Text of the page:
When the Cardinals went undefeated through Week 7, many speculated whether the NFL's best team resided in the desert.
But the optimism and excitement surrounding the team faded during the second half of the season. The Cardinals lost four of its next seven to close out the 2021 season, including a surprising Week 15 loss to the Lions.
The downfall cost the Cardinals an opportunity to finish atop the NFC standings, something the franchise has never done. It stole a chance to clinch the NFC West title, which the team has not accomplished in six seasons. Then the Cards ended the season with more disappointment, losing, 34-11, in an NFC Wild Card game on "Monday Night Football."
"I think it was a tale of two seasons," linebacker Jordan Hicks said Tuesday as the team began exit interviews. "Starting as fast as we did, as explosive as we did. Then somewhere, things started to fall apart -- adversity strikes on every team and in every season. We expected that.
"But great teams find a way to push through that and become better on the other side because of it. As much as we tried to push and fight through and figure out what was, it was too little, too late."
Asked if the Cardinals lost their edge, tackle D.J. Humphries was blunt.
"When you lose that many games in a row, you lost something," he said.
Coach Kliff Kingsbury said the turning part of the season occurred around Week 8 when the team lost star players – defensive end J.J. Watt, wide receiver DeAndre Hopkins, and quarterback Kyler Murray – to injuries.
Watt missed the remainder of the regular season with a shoulder injury before returning on Monday. Hopkins missed three games because of a bad hamstring and four more with a knee injury. Murray missed three games with an ankle injury.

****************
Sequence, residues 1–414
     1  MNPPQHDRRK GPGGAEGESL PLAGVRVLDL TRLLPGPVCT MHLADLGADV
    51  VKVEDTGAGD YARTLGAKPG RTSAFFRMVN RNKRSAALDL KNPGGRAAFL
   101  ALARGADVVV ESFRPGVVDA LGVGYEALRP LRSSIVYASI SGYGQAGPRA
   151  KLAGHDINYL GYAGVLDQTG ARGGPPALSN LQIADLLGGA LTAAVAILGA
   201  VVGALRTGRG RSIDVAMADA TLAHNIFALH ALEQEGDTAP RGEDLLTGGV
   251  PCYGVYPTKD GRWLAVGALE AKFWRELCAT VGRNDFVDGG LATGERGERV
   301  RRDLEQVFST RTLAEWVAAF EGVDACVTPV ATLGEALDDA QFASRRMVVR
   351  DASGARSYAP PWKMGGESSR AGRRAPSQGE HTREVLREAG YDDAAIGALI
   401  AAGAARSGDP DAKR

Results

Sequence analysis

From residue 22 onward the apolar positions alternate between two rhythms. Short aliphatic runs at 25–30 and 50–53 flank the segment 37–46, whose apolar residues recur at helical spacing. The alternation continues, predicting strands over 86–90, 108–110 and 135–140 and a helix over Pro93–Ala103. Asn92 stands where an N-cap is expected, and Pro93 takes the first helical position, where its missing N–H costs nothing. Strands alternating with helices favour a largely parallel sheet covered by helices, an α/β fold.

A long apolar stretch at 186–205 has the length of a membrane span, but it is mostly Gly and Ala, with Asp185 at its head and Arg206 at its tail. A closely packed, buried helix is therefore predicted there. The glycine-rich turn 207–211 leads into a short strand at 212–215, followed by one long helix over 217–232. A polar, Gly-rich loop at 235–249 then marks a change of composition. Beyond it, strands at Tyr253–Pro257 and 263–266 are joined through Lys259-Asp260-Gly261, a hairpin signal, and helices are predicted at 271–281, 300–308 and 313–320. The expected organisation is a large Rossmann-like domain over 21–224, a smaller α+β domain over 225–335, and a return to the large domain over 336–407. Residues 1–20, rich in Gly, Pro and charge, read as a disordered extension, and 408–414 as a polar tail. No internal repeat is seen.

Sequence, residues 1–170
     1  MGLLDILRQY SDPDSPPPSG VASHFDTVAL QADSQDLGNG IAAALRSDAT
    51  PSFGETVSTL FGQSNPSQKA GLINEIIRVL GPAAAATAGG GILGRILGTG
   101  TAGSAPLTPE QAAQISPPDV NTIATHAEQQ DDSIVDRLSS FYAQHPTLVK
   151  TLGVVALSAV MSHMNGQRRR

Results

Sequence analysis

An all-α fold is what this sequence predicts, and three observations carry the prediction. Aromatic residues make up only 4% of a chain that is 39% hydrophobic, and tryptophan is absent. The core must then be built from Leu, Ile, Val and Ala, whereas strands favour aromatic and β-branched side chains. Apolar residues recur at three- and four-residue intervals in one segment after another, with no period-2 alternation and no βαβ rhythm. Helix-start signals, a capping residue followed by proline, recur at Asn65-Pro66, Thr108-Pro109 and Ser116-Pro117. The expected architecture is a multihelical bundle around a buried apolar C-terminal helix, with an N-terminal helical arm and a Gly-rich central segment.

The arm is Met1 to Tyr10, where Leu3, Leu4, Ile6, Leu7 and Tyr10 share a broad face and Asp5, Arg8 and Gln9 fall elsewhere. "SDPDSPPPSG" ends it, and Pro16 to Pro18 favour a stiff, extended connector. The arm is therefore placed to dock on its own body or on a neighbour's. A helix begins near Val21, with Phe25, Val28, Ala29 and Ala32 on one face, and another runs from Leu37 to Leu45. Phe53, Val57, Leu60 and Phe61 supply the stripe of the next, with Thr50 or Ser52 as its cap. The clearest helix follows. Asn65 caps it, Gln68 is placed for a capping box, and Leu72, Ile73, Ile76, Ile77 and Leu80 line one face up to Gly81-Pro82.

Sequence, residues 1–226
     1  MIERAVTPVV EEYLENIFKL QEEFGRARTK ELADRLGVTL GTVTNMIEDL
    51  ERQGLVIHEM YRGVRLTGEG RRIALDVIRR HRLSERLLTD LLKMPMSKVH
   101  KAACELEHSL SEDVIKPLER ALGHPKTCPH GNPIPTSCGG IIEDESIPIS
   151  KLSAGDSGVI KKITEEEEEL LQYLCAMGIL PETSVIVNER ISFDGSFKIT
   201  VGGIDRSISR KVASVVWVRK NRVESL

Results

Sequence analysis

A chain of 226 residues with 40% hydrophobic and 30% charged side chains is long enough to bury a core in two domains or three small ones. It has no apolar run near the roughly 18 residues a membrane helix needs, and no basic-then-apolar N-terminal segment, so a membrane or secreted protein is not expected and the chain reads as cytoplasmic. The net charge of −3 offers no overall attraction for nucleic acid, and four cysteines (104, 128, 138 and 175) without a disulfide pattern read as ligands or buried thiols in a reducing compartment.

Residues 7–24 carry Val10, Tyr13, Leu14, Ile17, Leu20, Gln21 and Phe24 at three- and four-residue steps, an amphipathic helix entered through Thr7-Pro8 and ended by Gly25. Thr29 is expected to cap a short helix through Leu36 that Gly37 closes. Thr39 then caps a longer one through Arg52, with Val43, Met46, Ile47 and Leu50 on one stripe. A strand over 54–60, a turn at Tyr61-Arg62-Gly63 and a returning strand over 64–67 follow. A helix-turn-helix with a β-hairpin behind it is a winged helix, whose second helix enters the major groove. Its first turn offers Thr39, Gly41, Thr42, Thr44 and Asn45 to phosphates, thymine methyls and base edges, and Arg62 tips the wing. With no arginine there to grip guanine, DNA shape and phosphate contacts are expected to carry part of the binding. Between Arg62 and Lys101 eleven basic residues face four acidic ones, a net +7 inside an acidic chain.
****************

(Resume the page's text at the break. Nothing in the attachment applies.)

"I thought we did a good job overcoming adversity by going 2-1 with (backup quarterback) Colt (McCoy)," Kingsbury said. "We were able to win two big road games in the division. But later, when adversity struck, we didn't respond as well.
"That's this league. If you're going to face it, you have to find ways to win despite different things that arise. We have to find a way to be better at that at the end of the season."
Kingsbury was asked about the struggles his teams have had, dating back to his time coaching Texas Tech, at winning in the second halves of seasons. He said he hadn't looked back at his college time.
"But the last couple, for whatever reasons, we haven't been as sharp," Kingsbury added. "That's something I have to continue to evaluate and figure out what we need to do, whether it's practice structure or different things of that nature because we have to be better.
"This league is about closing strong and building momentum going into the playoffs and unfortunately we didn't do that."
There were positives to take from the season. The Cardinals reached the playoffs for the first time in six seasons. The defense did improve and played well much of the season under defensive coordinator Vance Joseph. The franchise quarterback, while struggling mightily in his first playoff start, did set a franchise record for completion percentage and his 100.5 passer rating ranks second in franchise history behind Carson Palmer.
"I don't think that result should put a damper on the progress that we had as an organization in the past four years," tight end Zach Ertz said. "Obviously, I haven't been here for too long but just looking objectively about it: we've gone from three wins to five wins to eight wins to 11 wins.
"The reality of the situation is that there is only one team at the end of the year that will be happy with how the season ends. Unfortunately for us, we're not that one team. But they're a lot of positive steps that have taken place."